Cam Jurgens

Cam Jurgens registered a throw of 59-3 to win his third state title in the shot put.

Everyone was waiting on Scott Frost.

He had finished prelim throws in the Class C shot put. Then he hustled into Burke Stadium for the 300-meter hurdles preliminaries, then he qualified for the finals.

These are the logistical headaches you face when you’re one of the best prep athletes in state history.

When Frost returned to the shot put ring May 21, 1993, more than 300 people were waiting to watch his final three throws.

“I couldn’t believe it,” Frost said later. “I was expecting only a few fans would be there.”

He tried to find his rhythm again. First throw: Not good enough to beat Eric Anderson. The Lincoln Southeast lineman was on the board at 57-2.

“Use your legs, Scott,” his mother, Carol, yelled.

Then came the second throw: 57-6½. All-class gold.

His final throw, 58-9½, didn’t meet his personal record of 61-1½. But it was good enough for a celebration.

“I wish I could have gotten 60 again,” Frost said. “Once I got the lead, it was a relief. It was easy to explode on the last one.”

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That happened 25 years ago this week, the final weekend of a spectacular high school career. Frost wasn’t planning to compete again in Nebraska; he had accepted a scholarship to play football for Bill Walsh at Stanford.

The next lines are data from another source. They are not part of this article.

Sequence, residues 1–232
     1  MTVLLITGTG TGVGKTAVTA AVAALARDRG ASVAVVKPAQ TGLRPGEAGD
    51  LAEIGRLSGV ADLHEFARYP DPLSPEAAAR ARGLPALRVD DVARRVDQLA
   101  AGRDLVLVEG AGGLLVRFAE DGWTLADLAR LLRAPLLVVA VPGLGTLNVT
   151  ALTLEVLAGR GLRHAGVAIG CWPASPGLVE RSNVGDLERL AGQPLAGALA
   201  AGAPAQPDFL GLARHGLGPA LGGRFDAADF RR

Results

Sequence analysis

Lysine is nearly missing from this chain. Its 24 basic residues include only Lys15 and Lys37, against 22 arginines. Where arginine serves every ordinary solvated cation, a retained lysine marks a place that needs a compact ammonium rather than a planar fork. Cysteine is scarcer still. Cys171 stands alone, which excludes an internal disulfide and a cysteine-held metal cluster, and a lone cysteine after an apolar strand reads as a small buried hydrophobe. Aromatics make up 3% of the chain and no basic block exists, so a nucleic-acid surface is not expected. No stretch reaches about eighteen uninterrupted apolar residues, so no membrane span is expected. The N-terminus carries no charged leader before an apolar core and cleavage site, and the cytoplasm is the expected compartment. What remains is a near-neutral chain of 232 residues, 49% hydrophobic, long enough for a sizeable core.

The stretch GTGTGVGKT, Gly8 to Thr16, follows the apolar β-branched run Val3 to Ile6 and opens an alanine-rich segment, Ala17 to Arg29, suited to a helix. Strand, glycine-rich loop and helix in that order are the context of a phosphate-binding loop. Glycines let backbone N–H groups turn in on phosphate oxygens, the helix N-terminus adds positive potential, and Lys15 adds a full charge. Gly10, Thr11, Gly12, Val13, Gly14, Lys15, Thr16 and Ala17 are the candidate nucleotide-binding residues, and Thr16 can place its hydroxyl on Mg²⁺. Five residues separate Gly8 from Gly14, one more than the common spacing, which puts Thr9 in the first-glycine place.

Of course, plans changed in January 1995 and Frost returned to help Tom Osborne win his third national championship. His track exploits are mostly forgotten now.

On Friday morning at Burke Stadium, one of Frost’s top recruits, Cam Jurgens, stepped into the shot put ring with an ailing ankle and unleashed a throw of 59-3.

Until a couple weeks ago, Jurgens wondered if he would be healthy enough to defend his 2016 and ’17 golds. Districts was his first meet of the season.

“This week has probably been the worst week of practice I’ve ever had in my life,” Jurgens said. “But state track, you got a lot of adrenaline when you get here, so you either rise up or rise down.”

Jurgens wraps up his career Saturday with the discus. Then Tuesday, he’s off to Lincoln to “start grinding” for football. It was mentioned to Jurgens that his 59-3 ¾ was six inches better than Frost’s throw 25 years ago.

“I’ll have to call and say, ‘Oh shoot, I beat you with a bum ankle,’” Jurgens said.

Frost might hold the trump card in that conversation. One day after winning the shot put in 1993, he won gold in a second event in Class C: 110 hurdles in 14.67 seconds.

How many athletes are capable of that double?

Reporter - Sports

Dirk writes stories and columns about Husker football in addition to covering general assignments and enterprise for The World-Herald. Follow him on Twitter @dirkchatelain. Phone: 402-444-1062.

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